Nassau’s first bid solicitation for a $12 million storm cleanup contract — a pact under federal investigation for its ties to political donations — came just two days after the company that ultimately received the work was formed, newly obtained records show.

VIP Splash Waterways Recovery Group, of Island Park, incorporated with the state on June 24, 2013. On June 26, Nassau’s emergency management office issued a request for proposals, or RFP, for “waterway debris removal services” following superstorm Sandy.

County officials, who later awarded the federally funded contract to VIP Splash over more-experienced bidders, previously only identified the RFP as being issued on July 23, 2013.

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But Newsday last week obtained the original RFP. The 75-page document, which officials said was reissued simply to insert a pricing sheet, became the July 23 document that yielded the pact for VIP Splash — whose principals knew county officials through an environmental group that volunteered in early post-Sandy cleanup efforts.

The narrow window between VIP Splash’s formation and the county RFP, coupled with the company’s $2,925 donation to chief deputy county executive Rob Walker’s Hicksville Republican Committee — on the same day Walker signed the $12 million pact on Nassau’s behalf — raises questions, said a good government advocate.

“It certainly appears to be a particularly egregious instance of trading political dollars for taxpayer dollars, which, if true, is ‘pay to play,’” said Susan Lerner, executive director of Common Cause New York.

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But Walker’s attorney, Brian Griffin, said Friday: “Mr. Walker has never steered any contract to any entity in return for a contribution, and this includes VIP Splash.”

The U.S. attorney’s office for New York’s Eastern District is probing the VIP Splash contract, sources said. While testifying at the unrelated corruption trial of former State Sen. Dean Skelos, Walker confirmed he is being investigated by federal prosecutors for what he called “campaign contributions, that contractors received work because of that.”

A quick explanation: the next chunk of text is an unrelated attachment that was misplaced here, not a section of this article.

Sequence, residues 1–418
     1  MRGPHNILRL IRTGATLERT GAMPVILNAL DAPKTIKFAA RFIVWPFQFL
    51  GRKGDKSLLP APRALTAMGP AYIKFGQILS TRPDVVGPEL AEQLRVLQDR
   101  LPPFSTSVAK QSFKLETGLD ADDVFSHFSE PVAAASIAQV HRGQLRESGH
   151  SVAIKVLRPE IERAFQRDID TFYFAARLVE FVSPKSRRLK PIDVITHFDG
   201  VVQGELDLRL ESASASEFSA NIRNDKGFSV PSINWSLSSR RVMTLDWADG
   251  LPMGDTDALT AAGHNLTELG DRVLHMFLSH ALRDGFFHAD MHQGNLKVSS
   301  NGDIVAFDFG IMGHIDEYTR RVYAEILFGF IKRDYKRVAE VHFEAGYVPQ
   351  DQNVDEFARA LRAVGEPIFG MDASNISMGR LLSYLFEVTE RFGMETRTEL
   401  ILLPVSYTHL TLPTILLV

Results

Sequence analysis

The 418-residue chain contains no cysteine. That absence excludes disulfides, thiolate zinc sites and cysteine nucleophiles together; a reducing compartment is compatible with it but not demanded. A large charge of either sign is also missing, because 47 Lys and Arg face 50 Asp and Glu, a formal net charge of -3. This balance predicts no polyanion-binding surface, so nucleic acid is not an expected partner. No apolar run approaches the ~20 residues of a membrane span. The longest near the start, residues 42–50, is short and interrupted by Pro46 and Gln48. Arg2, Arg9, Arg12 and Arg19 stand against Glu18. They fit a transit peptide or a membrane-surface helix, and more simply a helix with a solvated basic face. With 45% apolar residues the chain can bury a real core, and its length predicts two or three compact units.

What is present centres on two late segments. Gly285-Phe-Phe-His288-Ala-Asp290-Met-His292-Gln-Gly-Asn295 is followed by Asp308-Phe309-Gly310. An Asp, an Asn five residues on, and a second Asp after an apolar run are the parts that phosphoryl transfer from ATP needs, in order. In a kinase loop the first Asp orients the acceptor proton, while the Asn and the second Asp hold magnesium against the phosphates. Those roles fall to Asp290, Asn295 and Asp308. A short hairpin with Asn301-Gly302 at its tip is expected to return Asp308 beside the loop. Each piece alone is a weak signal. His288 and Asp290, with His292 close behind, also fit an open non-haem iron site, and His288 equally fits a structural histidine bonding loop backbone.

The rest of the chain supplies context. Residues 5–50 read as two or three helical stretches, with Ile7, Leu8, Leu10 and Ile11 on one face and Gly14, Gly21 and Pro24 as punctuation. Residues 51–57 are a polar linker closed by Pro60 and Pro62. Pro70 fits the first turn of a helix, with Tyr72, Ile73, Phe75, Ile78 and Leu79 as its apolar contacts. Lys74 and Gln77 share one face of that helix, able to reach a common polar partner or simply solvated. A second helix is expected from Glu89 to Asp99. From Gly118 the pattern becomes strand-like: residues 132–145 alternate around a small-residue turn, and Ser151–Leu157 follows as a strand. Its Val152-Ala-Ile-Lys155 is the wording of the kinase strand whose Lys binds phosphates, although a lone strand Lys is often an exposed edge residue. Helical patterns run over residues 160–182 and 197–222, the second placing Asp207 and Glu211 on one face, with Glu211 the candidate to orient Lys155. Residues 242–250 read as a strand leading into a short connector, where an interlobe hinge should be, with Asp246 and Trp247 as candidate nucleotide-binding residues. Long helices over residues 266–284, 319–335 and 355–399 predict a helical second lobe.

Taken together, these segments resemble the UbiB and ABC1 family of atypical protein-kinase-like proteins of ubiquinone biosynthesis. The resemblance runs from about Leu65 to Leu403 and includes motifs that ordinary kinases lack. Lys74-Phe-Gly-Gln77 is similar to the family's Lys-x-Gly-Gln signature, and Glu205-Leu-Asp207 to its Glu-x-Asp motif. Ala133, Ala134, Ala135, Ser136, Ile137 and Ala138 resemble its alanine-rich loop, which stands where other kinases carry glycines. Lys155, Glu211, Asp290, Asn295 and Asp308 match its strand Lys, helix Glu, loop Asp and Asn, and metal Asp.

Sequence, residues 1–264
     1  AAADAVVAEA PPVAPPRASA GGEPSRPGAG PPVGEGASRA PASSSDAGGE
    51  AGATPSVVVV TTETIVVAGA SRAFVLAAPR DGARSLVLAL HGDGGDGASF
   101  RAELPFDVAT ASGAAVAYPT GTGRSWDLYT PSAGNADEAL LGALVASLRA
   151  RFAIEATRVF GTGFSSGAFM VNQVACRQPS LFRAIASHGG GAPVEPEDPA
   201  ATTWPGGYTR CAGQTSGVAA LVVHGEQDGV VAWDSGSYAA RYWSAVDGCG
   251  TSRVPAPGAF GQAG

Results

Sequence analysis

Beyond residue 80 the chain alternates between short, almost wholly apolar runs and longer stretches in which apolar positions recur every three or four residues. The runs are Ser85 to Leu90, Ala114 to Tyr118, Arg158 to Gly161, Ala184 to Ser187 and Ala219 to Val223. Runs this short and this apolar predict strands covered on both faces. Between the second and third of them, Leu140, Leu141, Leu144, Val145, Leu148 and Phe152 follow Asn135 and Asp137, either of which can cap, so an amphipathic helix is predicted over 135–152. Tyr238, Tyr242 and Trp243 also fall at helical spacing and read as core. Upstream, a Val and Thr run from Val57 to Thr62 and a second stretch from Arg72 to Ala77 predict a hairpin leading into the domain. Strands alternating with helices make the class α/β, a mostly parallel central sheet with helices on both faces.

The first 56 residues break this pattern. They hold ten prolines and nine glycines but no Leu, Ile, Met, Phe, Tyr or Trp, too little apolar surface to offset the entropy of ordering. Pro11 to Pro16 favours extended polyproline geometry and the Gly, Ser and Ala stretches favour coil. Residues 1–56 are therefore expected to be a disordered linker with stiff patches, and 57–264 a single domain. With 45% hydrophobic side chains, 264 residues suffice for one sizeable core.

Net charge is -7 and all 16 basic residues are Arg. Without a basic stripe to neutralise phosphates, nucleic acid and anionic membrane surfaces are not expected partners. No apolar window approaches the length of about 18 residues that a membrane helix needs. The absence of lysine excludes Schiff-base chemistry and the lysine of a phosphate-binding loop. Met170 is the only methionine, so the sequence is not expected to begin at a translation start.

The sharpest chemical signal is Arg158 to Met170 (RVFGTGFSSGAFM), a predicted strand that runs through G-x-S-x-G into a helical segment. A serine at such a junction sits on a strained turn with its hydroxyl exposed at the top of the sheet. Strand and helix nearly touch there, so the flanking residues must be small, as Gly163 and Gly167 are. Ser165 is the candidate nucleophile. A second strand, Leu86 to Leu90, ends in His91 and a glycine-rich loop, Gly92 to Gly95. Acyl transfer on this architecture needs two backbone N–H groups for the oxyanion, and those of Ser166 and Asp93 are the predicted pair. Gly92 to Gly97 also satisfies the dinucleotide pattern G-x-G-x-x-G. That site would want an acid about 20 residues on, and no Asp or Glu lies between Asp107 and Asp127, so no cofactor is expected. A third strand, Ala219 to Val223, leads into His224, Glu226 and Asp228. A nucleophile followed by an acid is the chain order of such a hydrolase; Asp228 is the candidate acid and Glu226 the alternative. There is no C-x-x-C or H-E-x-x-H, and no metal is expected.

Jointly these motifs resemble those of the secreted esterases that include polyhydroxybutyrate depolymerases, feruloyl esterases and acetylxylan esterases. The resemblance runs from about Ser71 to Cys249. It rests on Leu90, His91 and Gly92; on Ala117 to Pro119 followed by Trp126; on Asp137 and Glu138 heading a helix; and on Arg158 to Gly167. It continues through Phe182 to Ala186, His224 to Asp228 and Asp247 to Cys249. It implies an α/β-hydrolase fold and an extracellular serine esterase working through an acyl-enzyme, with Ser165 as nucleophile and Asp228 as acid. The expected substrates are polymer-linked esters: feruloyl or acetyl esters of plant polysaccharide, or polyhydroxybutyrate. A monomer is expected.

Nassau prosecutors also opened an investigation following Newsday reports this year.

“As has always been the case, Mr. Walker has done nothing wrong,” Griffin said Friday.

The Federal Emergency Management Agency signed off on the county’s debris removal RFPs, records show. VIP Splash was one of three companies that bid on the June 2013 solicitation, and one of four for the RFP reissued on July 23.

VIP Splash’s contract was first awarded for $4 million: the cost estimated to scan local waters and assess the debris level. The County Legislature’s Republican-controlled Rules Committee approved the agreement in November 2013. The costs of other bids were not disclosed.

In February 2014, FEMA said it’d fully fund the cleanup work. Nassau put the cost, including pulling more than 100 sunken vessels, at $13 million.

In March 2014, Kent Katter, a VIP Splash principal, signed an amendment that raised the contract to $12.2 million. FEMA monitored all work to ensure proper billing, Walker has said.

In April 2014, another company controlled by Katter — VIP Metropolitan Construction Group — donated $400 to the Nassau GOP Committee, two weeks before lawmakers approved the amendment.

On Aug. 18, 2014, Walker executed the contract amendment with his signature. That was the day VIP Splash gave $2,925 to Walker’s Hicksville club, state election records show.

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Two weeks after that, Maria Asher, the wife of Tommy Asher, another VIP Splash principal, gave Walker’s club a $1,050 donation, records show.

Katter and Asher did not return calls seeking comment, but Griffin downplayed the significance of the donations coming in the same timeframe that Walker signed the amendment. He said Walker signed more than 1,000 contracts in 2014.

“More importantly, Mr. Walker does not have the authority to actually award these contracts,” Griffin said, noting that “independent layers,” such as the county legislature, must sign off before Walker can execute final agreements.

Several VIP Splash principals, before their involvement in the for-profit company, had ties to a Freeport nonprofit, Operation SPLASH, that had once opposed privatizing management of Nassau’s sewer system. The nonprofit changed its position last year after VIP Splash received its $12 million contract.

Both Walker and leaders of Operation SPLASH have denied that VIP’s contract had anything to do with the volunteer group’s change of heart.